While so much of building a successful start-up is calling audibles and adapting to rapidly changing conditions - competitive pressures, product requirements, customer response, etc. - how to do a financing subjects itself much better to planning and linear execution than other aspects of start-up life.
* Rule #1: Have a plan. Model your costs thoughtfully and know where you stand relative to cash on hand at all times. Months until cash zero is THE vital input to financing plans. The financing plan ties closely to product plans and customer development plans, as these will be the key metrics looked at by VCs as part of the Series A diligence process. I can't stress it enough - TAKE THE TIME TO BUILD A SOLID PLAN AND REVISE AS NEW LEARNINGS COME TO LIGHT. Without these plans you'll be at the mercy of the VCs and will rapidly lose control of the financing process.
* Rule #2: Don't let yourself become overexposed. If a true Swinger with what appears to be genuine conviction comes into the picture, set a very hard time line for receiving a term sheet. If there are 1-2 other firms who have been staying close (perhaps they got to know you during the seed round financing process), you can say "We have received pre-emptive interest in our Series A from a top VC. While we are not looking to do our financing now, we might consider it if the price is right. We are giving ourselves [2 weeks] to receive terms sheets. If they don't reach our investment and dilution targets, we'll simply pass and move on." And let's assume that either no term sheet is received or one or more don't reach the company's goals, when the company goes to raise its Series A on its established timeline it should still be very thoughtful and targeted with respect to the firms brought into the process as well as the time allowed for due diligence and submission of term sheets. There is almost nothing worse than a deal broadly shopped around Silicon Valley and NYC. People talk. Questions are raised. The deal begins to smell bad. Very bad.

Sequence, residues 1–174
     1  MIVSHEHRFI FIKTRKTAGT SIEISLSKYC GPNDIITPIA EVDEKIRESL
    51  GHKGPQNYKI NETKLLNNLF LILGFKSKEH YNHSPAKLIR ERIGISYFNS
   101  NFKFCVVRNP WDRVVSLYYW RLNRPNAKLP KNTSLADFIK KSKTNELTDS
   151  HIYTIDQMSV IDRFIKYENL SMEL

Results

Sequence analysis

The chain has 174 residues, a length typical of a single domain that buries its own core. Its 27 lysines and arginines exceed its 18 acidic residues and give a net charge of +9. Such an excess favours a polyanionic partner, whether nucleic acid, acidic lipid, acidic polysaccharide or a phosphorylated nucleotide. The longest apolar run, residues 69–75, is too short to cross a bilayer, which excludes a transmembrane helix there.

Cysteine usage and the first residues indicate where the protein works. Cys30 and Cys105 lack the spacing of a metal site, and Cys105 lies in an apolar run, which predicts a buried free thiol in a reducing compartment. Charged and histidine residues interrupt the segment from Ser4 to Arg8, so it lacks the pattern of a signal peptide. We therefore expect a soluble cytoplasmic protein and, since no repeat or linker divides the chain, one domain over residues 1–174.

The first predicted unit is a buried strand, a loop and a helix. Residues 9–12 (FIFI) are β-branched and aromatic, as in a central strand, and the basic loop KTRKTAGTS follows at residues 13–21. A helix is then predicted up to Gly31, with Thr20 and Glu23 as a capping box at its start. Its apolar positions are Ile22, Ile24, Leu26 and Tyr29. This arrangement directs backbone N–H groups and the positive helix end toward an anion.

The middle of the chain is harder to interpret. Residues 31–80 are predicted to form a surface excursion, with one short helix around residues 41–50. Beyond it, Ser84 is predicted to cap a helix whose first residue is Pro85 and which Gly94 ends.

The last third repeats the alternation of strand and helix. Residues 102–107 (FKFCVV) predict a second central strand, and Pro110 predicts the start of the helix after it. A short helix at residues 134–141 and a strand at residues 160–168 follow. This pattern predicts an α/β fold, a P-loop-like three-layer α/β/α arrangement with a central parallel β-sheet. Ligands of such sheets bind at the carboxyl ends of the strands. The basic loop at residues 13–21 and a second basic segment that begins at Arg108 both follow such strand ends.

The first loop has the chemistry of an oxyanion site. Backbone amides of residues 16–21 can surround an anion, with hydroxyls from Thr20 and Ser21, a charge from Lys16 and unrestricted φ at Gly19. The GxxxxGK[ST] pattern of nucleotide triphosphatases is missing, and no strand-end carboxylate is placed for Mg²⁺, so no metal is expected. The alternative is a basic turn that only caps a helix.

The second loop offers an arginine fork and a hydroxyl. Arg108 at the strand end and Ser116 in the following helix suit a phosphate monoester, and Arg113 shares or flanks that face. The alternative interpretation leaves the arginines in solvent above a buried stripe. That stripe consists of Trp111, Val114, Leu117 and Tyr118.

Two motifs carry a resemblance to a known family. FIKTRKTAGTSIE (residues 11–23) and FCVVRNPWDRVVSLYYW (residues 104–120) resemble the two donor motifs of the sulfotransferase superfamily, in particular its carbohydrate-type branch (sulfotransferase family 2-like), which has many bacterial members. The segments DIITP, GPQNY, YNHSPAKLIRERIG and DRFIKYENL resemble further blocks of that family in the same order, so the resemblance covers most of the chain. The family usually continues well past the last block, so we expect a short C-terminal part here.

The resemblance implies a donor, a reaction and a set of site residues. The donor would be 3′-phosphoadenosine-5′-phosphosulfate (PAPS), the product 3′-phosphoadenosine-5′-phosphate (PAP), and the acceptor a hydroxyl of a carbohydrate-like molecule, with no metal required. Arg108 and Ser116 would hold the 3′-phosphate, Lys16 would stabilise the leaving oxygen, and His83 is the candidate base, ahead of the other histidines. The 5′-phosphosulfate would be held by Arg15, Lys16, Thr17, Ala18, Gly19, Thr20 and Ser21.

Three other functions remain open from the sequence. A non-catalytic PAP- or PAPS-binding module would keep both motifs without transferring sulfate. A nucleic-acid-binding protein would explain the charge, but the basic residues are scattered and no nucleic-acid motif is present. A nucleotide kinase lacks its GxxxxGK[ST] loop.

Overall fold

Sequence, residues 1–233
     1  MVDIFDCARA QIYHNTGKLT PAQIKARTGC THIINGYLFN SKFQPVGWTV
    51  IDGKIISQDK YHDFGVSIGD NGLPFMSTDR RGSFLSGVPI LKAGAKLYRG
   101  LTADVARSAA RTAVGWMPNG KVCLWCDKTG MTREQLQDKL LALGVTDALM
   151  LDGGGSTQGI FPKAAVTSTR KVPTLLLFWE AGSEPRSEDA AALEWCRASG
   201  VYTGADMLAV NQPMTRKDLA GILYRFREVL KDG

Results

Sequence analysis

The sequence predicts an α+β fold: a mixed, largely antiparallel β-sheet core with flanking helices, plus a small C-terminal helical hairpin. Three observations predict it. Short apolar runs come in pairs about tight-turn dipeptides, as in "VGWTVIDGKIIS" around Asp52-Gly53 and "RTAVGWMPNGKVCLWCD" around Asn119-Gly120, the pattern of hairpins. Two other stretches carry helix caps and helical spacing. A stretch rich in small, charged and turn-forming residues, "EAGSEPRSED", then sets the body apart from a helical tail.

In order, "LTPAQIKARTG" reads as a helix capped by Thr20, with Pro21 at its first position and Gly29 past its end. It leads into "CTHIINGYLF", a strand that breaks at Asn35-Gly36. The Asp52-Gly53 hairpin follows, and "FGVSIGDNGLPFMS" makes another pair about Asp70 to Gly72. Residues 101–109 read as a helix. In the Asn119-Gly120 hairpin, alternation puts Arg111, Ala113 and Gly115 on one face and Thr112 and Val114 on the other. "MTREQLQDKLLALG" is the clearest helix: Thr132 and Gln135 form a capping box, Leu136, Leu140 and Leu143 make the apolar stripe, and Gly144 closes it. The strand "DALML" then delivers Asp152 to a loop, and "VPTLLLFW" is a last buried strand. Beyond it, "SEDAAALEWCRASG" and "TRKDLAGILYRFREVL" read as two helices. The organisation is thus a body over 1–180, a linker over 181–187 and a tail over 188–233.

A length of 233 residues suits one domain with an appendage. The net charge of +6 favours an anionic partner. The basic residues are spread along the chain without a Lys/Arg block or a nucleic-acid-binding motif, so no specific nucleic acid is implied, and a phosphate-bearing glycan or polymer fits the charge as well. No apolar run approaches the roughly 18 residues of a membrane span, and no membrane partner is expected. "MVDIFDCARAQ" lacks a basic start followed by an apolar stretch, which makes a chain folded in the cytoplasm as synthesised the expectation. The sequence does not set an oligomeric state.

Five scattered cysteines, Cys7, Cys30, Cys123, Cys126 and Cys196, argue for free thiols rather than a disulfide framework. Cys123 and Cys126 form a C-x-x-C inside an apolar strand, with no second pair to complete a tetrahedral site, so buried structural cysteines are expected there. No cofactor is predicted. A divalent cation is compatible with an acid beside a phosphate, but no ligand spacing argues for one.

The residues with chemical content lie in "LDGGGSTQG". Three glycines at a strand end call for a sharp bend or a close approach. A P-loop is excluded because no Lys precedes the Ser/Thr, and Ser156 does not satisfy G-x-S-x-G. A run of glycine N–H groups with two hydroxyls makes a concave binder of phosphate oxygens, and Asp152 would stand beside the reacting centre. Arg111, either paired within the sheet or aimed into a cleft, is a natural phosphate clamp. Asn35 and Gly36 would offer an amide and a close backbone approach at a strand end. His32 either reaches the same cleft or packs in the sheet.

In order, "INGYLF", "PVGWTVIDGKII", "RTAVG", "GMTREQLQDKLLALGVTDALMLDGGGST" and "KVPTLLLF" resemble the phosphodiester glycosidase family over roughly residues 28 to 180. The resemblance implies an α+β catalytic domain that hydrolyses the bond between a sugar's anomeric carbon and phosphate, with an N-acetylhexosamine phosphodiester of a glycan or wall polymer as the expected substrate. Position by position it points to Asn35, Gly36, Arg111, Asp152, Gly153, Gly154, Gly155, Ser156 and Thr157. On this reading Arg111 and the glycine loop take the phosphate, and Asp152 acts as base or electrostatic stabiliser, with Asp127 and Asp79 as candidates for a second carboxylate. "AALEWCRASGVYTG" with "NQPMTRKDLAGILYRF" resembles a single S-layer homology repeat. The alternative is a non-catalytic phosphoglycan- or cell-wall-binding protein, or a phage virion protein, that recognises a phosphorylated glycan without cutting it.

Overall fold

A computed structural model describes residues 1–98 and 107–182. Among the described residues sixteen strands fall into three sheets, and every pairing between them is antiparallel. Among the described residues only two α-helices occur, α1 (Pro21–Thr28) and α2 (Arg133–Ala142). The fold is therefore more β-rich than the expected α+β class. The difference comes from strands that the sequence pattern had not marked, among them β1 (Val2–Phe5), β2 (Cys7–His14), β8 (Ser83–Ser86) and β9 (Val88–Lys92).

* Rule #3: Mr. Market is always right. Nobody loves a company more than it's founders. Every baby is beautiful in the eyes of its parents, just as every start-up is pure platinum in the eyes of its founders. However, it is important to note that investors might price a potential investment quite differently than the value perceived by the founders. This is ok; it's called reality. Further, there are a variety of factors beyond the price of a particular round, especially an early round, that may warrant accepting a term sheet from someone other than the one offering the highest price (such as the chemistry with a particular investor, their domain experience, network of valuable relationships, skills and experience in scaling a business, etc.). Founders can let ego get in the way of doing what's best for the company in the long-term: don't let this happen to you.
* Rule #4: It's not personal; it's just business. There is almost nothing more personal than starting a company. You bleed for it. You dream about it. You have paranoid fantasies about it. You've often made gargantuan economic sacrifices to pursue your dream. That all said, it is extremely important to be cool, clinical and calm during the fund-raising process. You can't take a "no" as an indictment of your personal worth or that of your company. You shouldn't get visibly pissed off if you hear the same idiotic question 14 times - I can assure you, it will happen. In general, investors are smart and care and are just trying to figure out if they want to married to you for the next 3-8 years, for better or worse, in sickness and in health, as long as the company hasn't been sold, IPO'd or shut down. In short, it's a HUGE obligation. Just as you didn't undertake your start-up pursuits in a cavalier way, investors aren't going to meet you, hear your spiel, pull out their checkbook and write you a check for $5 million. It's just not the way it works. Don't take it personally.
All of these rules yield a simple conclusion: Manage the fund-raising process. Do NOT let it manage you. Cede control at your peril.
This post originally appeared on InformationArbitrage.com.